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Authors: Marsha Canham

Across a Moonlit Sea

BOOK: Across a Moonlit Sea
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“Why didn’t you say something? Why didn’t you show yourself right away?”

“I … don’t know. I just … I don’t know. By the time I realized you were there, you were already half naked and—and …” She swallowed hard and raised her hand in an unconsciously sensual gesture, pushing aside the edges of her shirt to press cooling fingers against the rapid pulse beating at the base of her throat.

“If—if you would step aside now, Captain, and let me pass, I would be more than happy to give you back your privacy.” But instead of stepping aside, he moved forward, keeping her trapped against the gallery windows, cloaking her in the immense shadow of his own frame. “Not just yet, mam’selle.”

“Wh-what do you mean?”

“I mean”—his hands came up and he brushed his fingers over the rich abundance of her hair—“not just yet.”

She tensed as he caressed the back of her neck. She was more aware than ever of the heavily muscled shoulders, the dark swarm of hair that covered his chest, the molded bands of hard flesh that flexed along his arms every time he asked the slightest motion of them.

Her eyes rose, not enough to have met his, but enough to focus on the half smile that played on his lips.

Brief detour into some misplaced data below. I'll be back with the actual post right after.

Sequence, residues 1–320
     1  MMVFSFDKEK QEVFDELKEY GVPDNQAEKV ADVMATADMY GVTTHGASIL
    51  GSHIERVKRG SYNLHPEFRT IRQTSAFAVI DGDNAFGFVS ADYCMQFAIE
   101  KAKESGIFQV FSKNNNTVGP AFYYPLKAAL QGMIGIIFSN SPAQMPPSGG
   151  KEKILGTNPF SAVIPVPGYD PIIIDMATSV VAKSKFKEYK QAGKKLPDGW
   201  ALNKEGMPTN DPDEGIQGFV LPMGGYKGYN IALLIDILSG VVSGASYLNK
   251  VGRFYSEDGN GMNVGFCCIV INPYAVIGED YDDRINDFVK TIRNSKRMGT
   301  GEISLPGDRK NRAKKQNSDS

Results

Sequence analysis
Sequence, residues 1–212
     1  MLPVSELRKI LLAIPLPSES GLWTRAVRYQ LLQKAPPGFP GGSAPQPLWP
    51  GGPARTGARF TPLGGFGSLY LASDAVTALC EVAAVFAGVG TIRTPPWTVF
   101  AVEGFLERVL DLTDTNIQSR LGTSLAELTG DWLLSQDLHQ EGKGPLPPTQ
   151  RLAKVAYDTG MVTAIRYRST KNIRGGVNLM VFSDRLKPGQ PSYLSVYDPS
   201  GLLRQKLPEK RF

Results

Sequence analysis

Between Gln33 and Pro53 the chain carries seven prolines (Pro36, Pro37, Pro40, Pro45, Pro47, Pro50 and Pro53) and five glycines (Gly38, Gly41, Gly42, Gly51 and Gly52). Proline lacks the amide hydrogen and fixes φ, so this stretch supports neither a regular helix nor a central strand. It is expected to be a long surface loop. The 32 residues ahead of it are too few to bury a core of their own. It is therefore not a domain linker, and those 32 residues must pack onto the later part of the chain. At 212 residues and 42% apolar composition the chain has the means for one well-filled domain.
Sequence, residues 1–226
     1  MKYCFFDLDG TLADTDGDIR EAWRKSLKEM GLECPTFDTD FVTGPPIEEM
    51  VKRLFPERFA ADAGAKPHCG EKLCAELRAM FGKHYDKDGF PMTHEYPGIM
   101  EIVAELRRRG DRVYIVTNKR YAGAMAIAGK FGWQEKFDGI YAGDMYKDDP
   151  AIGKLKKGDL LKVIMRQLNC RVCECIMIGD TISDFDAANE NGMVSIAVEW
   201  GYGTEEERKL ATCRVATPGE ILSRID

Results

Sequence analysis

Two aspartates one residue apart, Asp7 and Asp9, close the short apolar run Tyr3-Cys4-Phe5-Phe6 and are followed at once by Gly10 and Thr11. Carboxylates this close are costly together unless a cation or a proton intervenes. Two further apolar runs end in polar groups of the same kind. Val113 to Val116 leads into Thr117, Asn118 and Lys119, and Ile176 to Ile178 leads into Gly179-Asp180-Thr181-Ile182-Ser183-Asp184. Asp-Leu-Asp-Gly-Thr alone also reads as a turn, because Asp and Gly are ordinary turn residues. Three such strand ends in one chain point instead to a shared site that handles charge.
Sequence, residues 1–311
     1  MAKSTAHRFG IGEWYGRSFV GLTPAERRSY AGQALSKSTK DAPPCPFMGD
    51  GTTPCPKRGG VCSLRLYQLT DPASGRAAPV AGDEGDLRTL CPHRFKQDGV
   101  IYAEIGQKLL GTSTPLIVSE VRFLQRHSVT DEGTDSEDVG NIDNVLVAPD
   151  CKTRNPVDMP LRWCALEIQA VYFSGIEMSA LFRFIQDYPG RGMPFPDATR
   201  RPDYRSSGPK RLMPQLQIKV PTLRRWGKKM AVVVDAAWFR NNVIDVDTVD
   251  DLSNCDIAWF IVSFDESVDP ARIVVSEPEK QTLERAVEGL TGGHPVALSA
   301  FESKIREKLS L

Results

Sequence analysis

“I hope you are not thinking of kissing me,” she whispered, her throat almost too constricted to squeeze out the words.

High praise for
winner of the
Romantic Times
Lifetime Achievement Award,
and her previous novels


READER’S HEART with its winning combination of an absorbing romance and fascinating characters. Marsha Canham has another winner with this dazzling novel that readers will savor.” —
Romantic Times

“Canham deals out plenty of surprising twists.” —


“DEFINITELY ONE OF THE BEST NOVELS OF THE YEAR … Marsha Canham has written a fast-paced, action-packed medieval romance.” —
Affaire de Coeur

“Ms. Canham skillfully blends a great deal of historical detail into this scintillating tale of brave men fighting for justice and the women who share their dreams.” —